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November 23, 2019

The Golomb–Dickman Constant

Posted by John Baez

I’m falling in love with random permutations. There’s something both simple and fairly deep about them. I like to visualize a random permutation as a “gas of cycles”, governed by the laws of statistical mechanics. I haven’t gotten very with this analogy yet.

Here’s one of the many cute facts about random permutations. Let a na_n be the average length of the longest cycle in a permutation, averaged over all permutations of an nn-element set. Then a na_n is asymptotically equal to λn\lambda n where

λ0.6243299885 \lambda \approx 0.6243299885 \dots

is called the Golomb–Dickman constant. There’s a cool formula for this constant: λ= 0 1e Li(x)dxwhereLi(x)= 0 xdtlnt \lambda = \int_0^1 e^{\mathrm{Li}(x)} dx \; \; where \; \; Li(x) = \int_0^x \frac{dt}{\ln t} But nobody has been able to prove that it’s irrational!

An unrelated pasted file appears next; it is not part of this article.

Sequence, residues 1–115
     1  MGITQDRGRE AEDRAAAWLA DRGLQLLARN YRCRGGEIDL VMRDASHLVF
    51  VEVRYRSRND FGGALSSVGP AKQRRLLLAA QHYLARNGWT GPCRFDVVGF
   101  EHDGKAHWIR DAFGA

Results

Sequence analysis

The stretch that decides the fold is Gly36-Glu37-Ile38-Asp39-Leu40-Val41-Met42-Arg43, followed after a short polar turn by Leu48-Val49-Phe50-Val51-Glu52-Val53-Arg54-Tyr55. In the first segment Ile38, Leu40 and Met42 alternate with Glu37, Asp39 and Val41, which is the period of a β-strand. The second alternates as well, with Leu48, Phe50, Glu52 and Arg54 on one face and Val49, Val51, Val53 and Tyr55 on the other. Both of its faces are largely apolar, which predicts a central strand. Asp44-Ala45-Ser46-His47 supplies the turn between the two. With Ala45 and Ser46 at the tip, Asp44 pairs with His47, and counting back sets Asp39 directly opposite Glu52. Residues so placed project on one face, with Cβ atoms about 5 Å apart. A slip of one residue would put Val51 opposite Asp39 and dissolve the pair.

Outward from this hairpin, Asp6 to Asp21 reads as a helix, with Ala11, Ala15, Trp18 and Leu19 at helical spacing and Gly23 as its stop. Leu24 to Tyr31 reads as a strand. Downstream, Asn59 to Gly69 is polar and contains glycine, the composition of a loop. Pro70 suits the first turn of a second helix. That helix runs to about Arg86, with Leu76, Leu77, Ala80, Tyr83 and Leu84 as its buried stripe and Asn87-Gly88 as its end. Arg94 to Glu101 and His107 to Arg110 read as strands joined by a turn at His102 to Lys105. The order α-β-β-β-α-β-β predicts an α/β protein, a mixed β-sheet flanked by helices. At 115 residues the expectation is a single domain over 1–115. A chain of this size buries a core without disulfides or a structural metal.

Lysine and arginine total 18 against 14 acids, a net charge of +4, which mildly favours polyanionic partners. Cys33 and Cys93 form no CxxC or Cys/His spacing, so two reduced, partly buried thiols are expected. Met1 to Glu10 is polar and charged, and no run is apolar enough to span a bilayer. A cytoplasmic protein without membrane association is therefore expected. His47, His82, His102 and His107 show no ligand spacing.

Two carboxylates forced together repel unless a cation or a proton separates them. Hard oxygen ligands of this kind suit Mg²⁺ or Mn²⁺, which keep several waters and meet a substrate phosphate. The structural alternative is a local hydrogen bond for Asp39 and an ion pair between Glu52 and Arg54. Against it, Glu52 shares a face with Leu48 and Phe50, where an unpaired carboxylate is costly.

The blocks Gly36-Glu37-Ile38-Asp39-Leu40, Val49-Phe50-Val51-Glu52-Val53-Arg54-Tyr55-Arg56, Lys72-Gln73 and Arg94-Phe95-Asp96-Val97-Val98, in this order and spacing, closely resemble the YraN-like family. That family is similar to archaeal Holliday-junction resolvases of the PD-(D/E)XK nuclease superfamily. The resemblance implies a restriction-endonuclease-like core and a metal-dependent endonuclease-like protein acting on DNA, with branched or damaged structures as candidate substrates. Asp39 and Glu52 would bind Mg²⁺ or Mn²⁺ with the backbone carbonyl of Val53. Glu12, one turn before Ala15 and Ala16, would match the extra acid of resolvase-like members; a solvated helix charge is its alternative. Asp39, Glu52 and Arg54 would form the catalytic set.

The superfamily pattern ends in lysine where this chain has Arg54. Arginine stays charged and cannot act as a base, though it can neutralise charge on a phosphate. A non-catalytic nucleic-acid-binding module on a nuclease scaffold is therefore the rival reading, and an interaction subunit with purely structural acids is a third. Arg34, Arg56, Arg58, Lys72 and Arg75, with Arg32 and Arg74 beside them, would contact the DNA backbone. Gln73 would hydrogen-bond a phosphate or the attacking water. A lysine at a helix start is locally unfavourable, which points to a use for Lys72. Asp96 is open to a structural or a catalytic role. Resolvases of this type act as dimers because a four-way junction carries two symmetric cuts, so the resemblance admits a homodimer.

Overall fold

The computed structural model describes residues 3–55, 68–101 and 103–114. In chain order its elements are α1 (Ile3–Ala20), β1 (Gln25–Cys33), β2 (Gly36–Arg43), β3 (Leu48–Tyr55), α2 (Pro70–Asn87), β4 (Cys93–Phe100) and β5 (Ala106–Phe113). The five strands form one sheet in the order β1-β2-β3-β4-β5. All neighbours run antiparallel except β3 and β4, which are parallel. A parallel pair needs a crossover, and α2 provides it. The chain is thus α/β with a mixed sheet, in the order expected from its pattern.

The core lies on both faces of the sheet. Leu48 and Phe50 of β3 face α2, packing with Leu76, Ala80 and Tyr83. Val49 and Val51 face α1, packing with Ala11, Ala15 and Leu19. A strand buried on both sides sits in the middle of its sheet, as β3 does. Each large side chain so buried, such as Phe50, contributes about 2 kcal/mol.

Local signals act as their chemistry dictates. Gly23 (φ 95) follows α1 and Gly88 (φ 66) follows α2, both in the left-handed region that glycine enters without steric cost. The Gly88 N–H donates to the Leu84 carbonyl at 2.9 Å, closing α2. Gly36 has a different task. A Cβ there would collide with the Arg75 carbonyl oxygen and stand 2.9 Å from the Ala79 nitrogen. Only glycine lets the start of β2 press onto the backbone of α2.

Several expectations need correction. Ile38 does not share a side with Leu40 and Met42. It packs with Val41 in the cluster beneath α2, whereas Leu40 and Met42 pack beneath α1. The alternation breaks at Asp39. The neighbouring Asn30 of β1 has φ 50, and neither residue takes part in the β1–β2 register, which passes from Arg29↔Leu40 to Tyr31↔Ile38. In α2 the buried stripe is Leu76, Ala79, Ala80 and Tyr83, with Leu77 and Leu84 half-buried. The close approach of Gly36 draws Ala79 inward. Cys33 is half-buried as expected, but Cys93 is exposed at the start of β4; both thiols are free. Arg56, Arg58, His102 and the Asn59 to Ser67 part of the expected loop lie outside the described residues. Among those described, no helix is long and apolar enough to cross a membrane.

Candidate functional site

The Golomb–Dickman constant also shows up in number theory… in a very similar way! If you randomly choose a huge nn-digit integer, the average number of digits of its largest prime factor is asymptotic to λn\lambda n.

So, there’s a connection between prime factorizations and random permutations! And this fact is both simpler and more interesting to me than the Golomb–Dickman constant. You can read more about this in Sections 3.10-3.12 here:

The Golomb–Dickman constant is a kind of relative of Euler’s constant, though there’s no known formula expressing one in terms of the other.

Here’s another appearance of this constant. Say you randomly choose a function from a huge nn-element set to itself. Then the average length of its longest periodic orbit is asymptotic to

λπn2 \lambda \; \sqrt{\frac{\pi n}{2}}

Posted at November 23, 2019 12:11 AM UTC

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